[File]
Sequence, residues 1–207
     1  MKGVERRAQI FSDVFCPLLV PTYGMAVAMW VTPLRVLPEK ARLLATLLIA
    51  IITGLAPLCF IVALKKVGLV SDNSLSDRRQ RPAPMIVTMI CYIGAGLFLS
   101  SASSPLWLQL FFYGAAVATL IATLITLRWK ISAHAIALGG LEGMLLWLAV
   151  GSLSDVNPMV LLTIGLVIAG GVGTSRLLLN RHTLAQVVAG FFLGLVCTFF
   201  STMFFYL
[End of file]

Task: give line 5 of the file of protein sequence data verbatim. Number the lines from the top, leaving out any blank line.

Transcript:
   151  GSLSDVNPMV LLTIGLVIAG GVGTSRLLLN RHTLAQVVAG FFLGLVCTFF